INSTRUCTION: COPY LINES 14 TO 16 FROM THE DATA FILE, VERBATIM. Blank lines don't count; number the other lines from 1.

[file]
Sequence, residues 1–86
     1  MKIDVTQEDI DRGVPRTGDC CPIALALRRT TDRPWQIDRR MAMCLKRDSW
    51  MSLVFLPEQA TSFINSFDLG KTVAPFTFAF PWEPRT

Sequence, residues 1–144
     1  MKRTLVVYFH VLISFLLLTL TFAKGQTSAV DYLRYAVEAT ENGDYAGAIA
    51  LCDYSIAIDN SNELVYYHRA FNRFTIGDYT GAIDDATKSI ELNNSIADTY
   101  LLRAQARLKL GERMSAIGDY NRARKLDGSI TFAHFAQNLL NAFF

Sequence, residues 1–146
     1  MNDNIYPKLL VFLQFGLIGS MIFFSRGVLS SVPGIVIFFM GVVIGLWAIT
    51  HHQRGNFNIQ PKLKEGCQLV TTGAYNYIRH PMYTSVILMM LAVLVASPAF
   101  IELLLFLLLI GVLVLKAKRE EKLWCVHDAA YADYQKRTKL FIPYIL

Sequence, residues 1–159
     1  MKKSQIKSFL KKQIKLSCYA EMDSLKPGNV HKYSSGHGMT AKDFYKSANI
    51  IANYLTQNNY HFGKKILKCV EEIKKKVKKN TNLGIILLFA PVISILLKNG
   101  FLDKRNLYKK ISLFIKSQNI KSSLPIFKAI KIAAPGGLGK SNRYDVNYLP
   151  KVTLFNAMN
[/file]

    51  IANYLTQNNY HFGKKILKCV EEIKKKVKKN TNLGIILLFA PVISILLKNG
   101  FLDKRNLYKK ISLFIKSQNI KSSLPIFKAI KIAAPGGLGK SNRYDVNYLP
   151  KVTLFNAMN